Roughly one-third of the world's energy currently comes from crude oil. The quality of oil is determined by its chemical composition, which can affect its processing, performance, and market price. Therefore, qualitative and quantitative oil condition monitoring is essential.
The component that has the largest influence on oil quality is asphaltene, the heaviest fraction of crude oil. Asphaltene is made up of a complex mixture of compounds with polyaromatic rings and aliphatic side chains, combined with trace amounts of vanadium and nickel. Small concentrations of asphaltene can easily aggregate, leading to an increase in viscosity and resulting in plugging wellbores and flowlines during oil extraction and processing. In addition, asphaltenes can also deactivate catalytic reactions during upgrading and refining processes.
Analyzing the asphaltene concentration in the complex mixture of hydrocarbons in crude oil is difficult, especially for online monitoring. Traditionally, the physical properties of the oil, such as viscosity and dielectric constant, were measured and these data was used to determine the underlying chemical composition. And when specific asphaltene analysis has been performed, it is often in model systems or in samples that have been diluted into simple solvents.
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The introduction of electron spin resonance (ESR) or electron paramagnetic resonance (EPR), has enabled asphaltene to be directly characterized. This technique provides high-resolution and quantitative data, which gives real dynamic information within the local environment. Furthermore, ESR is a non-destructive method and requires no sample preparation.
ESR uses the resonant absorption of microwaves within a static magnetic field to measure molecules with unpaired electrons and systems containing paramagnetic centers. Asphaltenes have organic free radicals in their polyaromatic core, which gives a characteristic ESR signal at g = 2.0032, making them readily identified in crude oil.
The amplitude of this peak corresponds to the concentration of asphaltene in the sample, so this technique can also be used for quantification. In addition, ESR can also detect vanadium, which is observed as a vanadyl porphyrin and appears as eight broadly spaced, narrow peaks in a similar region to the asphaltene organic free radical signal.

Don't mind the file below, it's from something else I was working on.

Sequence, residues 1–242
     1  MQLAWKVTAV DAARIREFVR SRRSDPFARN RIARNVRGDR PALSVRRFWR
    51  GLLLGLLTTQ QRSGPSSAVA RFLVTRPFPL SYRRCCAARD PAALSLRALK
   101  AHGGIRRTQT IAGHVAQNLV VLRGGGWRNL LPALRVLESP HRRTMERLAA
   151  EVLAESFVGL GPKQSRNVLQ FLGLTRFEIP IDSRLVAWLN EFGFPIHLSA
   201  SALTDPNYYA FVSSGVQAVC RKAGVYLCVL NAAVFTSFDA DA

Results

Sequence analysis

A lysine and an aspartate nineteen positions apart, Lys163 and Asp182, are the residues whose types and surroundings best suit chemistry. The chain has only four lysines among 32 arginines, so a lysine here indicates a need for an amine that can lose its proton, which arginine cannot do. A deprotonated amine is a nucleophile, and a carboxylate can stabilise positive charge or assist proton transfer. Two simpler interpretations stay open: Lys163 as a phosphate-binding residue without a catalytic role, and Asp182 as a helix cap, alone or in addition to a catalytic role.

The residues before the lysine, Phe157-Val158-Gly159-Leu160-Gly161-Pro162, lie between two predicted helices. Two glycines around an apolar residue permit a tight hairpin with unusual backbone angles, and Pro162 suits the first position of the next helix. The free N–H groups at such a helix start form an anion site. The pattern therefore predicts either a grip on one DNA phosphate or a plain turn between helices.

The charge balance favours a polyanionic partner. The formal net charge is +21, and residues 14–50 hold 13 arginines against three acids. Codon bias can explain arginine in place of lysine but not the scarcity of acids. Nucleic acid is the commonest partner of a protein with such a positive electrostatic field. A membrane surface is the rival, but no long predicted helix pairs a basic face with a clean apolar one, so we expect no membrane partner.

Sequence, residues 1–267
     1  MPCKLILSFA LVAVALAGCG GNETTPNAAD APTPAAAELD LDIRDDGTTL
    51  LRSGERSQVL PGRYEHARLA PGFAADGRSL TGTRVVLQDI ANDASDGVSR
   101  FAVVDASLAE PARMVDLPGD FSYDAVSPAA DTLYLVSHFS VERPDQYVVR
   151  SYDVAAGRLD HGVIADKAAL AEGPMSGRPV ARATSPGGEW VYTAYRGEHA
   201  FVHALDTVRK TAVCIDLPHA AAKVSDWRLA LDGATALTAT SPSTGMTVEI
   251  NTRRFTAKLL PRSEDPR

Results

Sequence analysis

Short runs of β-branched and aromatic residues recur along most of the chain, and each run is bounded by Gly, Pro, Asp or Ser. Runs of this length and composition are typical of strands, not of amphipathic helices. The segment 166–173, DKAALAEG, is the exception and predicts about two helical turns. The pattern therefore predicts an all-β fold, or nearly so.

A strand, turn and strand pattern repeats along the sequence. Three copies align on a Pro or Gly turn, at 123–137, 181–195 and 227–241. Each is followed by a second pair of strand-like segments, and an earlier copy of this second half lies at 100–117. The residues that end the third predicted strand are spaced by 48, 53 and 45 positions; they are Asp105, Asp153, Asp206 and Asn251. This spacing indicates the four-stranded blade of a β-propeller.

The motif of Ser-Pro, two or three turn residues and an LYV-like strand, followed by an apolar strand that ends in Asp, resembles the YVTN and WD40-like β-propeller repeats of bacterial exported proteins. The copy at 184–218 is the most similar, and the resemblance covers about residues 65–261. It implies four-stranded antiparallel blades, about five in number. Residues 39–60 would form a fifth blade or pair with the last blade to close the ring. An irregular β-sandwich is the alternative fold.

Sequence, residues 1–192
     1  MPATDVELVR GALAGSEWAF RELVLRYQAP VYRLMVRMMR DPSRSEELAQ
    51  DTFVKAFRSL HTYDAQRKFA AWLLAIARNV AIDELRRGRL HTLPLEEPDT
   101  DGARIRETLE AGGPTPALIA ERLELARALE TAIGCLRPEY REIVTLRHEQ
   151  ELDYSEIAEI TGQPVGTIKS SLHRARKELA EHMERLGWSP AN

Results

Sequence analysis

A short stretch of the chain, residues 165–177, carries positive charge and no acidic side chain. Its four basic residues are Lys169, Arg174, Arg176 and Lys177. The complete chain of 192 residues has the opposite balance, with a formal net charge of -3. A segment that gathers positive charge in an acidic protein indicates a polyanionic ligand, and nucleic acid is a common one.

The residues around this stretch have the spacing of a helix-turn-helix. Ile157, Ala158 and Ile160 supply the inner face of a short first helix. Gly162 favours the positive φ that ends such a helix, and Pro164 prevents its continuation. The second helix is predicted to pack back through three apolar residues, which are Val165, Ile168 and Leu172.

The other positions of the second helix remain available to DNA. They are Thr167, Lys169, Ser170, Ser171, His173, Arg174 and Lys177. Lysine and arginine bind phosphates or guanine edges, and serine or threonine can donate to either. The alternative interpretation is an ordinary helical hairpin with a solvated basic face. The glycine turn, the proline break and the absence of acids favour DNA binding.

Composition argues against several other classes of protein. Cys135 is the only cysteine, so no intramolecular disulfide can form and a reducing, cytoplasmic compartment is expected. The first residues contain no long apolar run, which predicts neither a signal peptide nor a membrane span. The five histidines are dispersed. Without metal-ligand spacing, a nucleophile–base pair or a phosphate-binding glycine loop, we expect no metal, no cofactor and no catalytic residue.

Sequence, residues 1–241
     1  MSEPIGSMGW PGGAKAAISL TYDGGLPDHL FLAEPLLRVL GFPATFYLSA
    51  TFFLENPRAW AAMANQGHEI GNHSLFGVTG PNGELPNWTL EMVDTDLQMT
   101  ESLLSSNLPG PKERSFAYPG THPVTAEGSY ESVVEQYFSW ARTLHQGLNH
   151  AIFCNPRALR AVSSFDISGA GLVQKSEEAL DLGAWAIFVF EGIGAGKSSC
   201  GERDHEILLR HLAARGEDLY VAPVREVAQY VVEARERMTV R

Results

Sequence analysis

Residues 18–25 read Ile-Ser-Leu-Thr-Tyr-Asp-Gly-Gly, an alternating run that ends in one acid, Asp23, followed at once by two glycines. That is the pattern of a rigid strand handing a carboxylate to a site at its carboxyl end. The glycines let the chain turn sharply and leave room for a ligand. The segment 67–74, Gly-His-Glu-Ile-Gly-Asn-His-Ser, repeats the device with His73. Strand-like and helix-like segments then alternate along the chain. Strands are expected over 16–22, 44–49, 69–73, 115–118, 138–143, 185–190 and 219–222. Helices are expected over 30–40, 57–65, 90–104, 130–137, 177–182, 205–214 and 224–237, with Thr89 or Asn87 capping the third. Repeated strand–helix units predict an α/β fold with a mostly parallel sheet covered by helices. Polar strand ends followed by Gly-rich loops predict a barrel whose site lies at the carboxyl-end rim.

By monitoring various characteristics of these constituents, a greater understanding of the composition and chemical changes in crude oil can be achieved. Previously, ESR has been able to differentiate between different types of crude oil, but in recent years analysis of more specific criteria has been performed.
One of the main processes that changes the composition, and therefore the quality, of crude oil is biodegradation. In this process, hydrocarbons are oxidized to produce CO2 and organic acids, which leads to a decrease in the concentration of saturated and aromatic hydrocarbons and an increase in viscosity, metal content, and acidity.
Recent work compared this process in three Brazilian oils by monitoring the presence of organic free radicals and vanadyl species, associated or not with porphyrinic compounds using ESR. This method allowed the two biodegraded samples to be differentiated from the non-biodegraded sample through signal quantification values, as well as from each other.
Temperature is also known to affect the behavior and structural properties of organic free radical species in crude oil, impacting the quality. Research into these changes was recently performed using in situ ESR monitoring on different fractions of a crude oil sample with a temperature range of 293–673 K.
For all fractions, the increase in temperature resulted in the increase of organic free radial species, however, the mechanisms by which this process occurs were found to be different depending on the fraction. The atmospheric residue and crude oil fractions showed similar behavior, with the generation of organic free radicals around 433 K, while the generation of organic free radicals in the vacuum residue appeared to be a multistep process.
The majority of ESR spectrometers are large, bulky instruments, limiting their ability to be used for online real-time analysis of crude oil. However, the advances in technology for optical and wireless communications have enabled Bruker to develop the smallest ESR spectrometer on the market – the microESR, a small, portable spectrometer with a 30.5 x 30.5 x 30.5 cm3 footprint and a mass of only 10 kg.
The microESR does not require any regular maintenance or special installation. The microESR also provides an easy software workflow for ESR data acquisition, processing and analysis.
With the recent advances in ESR use for crude oil analysis, the microESR can be used as a tool for online monitoring to characterize the chemical composition during exploration, production, and refining operations. This analysis can be used for many applications, including the assessment of the artificial aging of the oil, as well as anticipating problems that may occur further down the operation process.